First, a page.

Wednesday, July 23, 2008

reading and memorizing the Bible

As I peruse the Boar's Head Tavern I notice discussion of reading and memorizing Scripture or what devotional/quiet time stuff is done. Mine is sporadic. The whole concept of whether or not Protestants have their own Romish sacramentology is an intriguing topic I may yet return to but here I am concerned with the more mundane questions of how a person reads the Bible or gets through it.

Never done a "get through the whole Bible in a year" plan. Never interested me. Never interested me to formally get through the entire Bible cover to cover. The Bible was never written to be read in that way so I don't see any need to read it that way. The Bible was not written to be memorized by chapter and verse in the way we moderns tend to think of it. The author of Hebrews is content to say "somewhere it is written" without naming chapter and verse or author but he knows the text he is citing.

Not that I'm not a Protestant but I grew up in church settings where knowing chapter and verse and remembering atomized bits of Scripture as proof texts or points for reflection seemed, not exactly the norm, but tempting. There was always some punk kid who would go up and share his memory verse before the Sunday school set and after naming the reference that the kids' ministry leader would not necessarily recognize off the top of his head proudly say "Jesus wept". Eventually that kids' ministry leader knew that verse backwards and forwards ... maybe even bothered to learn it in Greek.

When I was in high school I worked at vegetable canneries ... and worked in vegetable canneries through much of college. Lacking the SPanish skills needed to converse with most of my co-workers, and having utterly spent any conversational opportunities with the Watchtower society old lady I had easily settled into a custom where during my short breaks and lunch break I would read the New Testament. Started in Matthew, read up through Jude, and skipped Revelation. My reason for skipping Revelation was that I didn't feel like any benefit came from reading it because of so many competing ideas about what this or that passage meant, whether or not this or that was the Mark of the Beast, whether the Beast was the European Union or Syria or whatever the latest fads in freakish dispensationalism held at the time. Hey, I was Pentecostal for sure and even a dispensationalist/futurist at the time but I didn't feel up to read Revelation so I stopped at Jude. I did mention much earlier in this blog that I once began rewriting a song I wrote years ago because I had shifted my views on eschatology. I am SO not kidding when I said that then or now.

But setting that aside as an aside, I read through the New Testament more or less dozens of times in my high school and college years. Full scale immersion in a book is a better way to remember it than focused memorization in my experience. You can be so busy memorizing you don't think about what the text means. We don't memorize things like songs because we have some instrumentalist/utilitarian goal in mind. We memorize songs because we love those songs. We play them over and over again until it's part of who we are, until without really thinking about it we can pull up a phrase or a line. Scripture is supposed to be like that, that you can just pull up something from Ecclesiastes or the Psalms at the mention of a phrase. It doesn't prove you're holy or anything ... but it is the sort of love for Scripture that I hope any Christian can have. It's not knowing what John 7:1-5 is in terms of verses, it's more like (I hope) that you know where to find it if you need to review it and you remember where it is in the gospel narrative and what Jesus said and did.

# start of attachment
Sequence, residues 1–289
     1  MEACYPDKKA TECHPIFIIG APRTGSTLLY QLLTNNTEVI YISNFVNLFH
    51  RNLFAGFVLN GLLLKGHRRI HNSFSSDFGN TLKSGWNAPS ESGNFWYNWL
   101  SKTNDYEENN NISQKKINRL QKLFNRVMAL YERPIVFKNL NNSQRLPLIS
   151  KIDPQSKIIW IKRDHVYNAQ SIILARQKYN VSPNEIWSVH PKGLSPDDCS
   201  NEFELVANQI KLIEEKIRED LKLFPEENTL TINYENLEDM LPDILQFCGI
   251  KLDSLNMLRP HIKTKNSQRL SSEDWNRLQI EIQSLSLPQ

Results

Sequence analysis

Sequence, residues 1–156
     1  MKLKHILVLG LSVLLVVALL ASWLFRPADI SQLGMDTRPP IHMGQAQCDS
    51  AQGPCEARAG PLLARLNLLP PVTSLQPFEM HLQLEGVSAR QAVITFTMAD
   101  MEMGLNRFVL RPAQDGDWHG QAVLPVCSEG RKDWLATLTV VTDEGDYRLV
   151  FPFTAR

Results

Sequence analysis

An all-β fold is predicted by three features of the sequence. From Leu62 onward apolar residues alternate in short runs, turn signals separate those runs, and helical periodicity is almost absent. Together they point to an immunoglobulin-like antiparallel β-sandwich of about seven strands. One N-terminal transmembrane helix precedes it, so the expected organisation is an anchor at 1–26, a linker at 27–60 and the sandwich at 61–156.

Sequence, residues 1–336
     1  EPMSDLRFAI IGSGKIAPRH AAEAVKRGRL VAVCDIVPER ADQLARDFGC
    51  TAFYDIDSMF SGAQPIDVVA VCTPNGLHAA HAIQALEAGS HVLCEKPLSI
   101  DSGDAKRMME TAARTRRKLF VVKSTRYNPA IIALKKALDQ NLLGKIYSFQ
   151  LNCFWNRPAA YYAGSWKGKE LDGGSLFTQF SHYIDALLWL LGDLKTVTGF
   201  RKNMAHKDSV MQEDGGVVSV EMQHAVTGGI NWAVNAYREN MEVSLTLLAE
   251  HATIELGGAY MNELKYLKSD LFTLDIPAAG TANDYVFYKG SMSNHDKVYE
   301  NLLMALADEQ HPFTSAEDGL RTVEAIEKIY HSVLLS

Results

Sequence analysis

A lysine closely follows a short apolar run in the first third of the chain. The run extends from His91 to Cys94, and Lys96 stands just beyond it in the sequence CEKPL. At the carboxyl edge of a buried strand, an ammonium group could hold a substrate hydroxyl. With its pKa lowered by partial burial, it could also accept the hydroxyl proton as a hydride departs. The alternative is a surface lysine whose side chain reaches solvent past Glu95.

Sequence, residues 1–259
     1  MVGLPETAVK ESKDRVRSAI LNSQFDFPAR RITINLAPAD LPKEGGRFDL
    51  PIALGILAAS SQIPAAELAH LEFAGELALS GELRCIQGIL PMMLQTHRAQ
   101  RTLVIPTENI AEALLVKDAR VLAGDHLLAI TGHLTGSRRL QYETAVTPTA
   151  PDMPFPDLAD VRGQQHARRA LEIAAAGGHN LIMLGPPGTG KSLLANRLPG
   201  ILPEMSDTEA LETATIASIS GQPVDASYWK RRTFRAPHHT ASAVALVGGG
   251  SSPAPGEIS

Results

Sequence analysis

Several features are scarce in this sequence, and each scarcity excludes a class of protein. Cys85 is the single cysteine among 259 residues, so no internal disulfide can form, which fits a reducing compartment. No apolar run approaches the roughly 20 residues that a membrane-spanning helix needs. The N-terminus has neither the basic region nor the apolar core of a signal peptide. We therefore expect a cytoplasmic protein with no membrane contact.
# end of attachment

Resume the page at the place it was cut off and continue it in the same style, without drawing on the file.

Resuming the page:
An informal yardstick for me is if as soon as someone mentions a biblical text and they use it out of contet you start being cautious that is a negative yardstick for how to tell you've been immersed in Scripture (i.e. noticing when other people are just proof-texting). A more positive use would be, oh, something like singing songs based on that text. Yeah, I betray my being a composer adn a musciian there but God DID command Moses to write a song to help aid in memorization of His deeds, right?

2 comments:

Estel said...

Hi, I'm another BHT lurker, and an online acquaintance of Jesse's.
I think your point is good, that the bible is meant to be understood in large units and not small decontextualized bits. I want to point out that, while memorization is often practiced in a way that takes things out of context, it doesn't have to be.

In my first year or two of university, I developed a goal of memorizing scripture in large chunks - whole chapters or even whole books. Part of the point of this - particularly learning whole books - was precisely to have a feel for whole books and to know how everything fits together, rather than just seeing one or two verses or a story at a time.

Also, while memorization can turn into mere rote without actually paying attention to the content, my experience is that it can also be the reverse: the repetition, with attention, can be almost a sort of meditation that brings things to light that would otherwise be passed over. Some of my best experiences of scripture have come when I've simply been memorizing a verse because it was next in line, and as I've gone over it, I've suddenly seen the beauty in it and the wonder of what God has done.

Christopher said...

I personally, in order to keep from memorizing things out of context, and for other reasons, memorize whole books of Scripture. It has been about a year since I have memorized individual verses. It is incredibly tempting to take verses out of context and all too easy to do, I agree.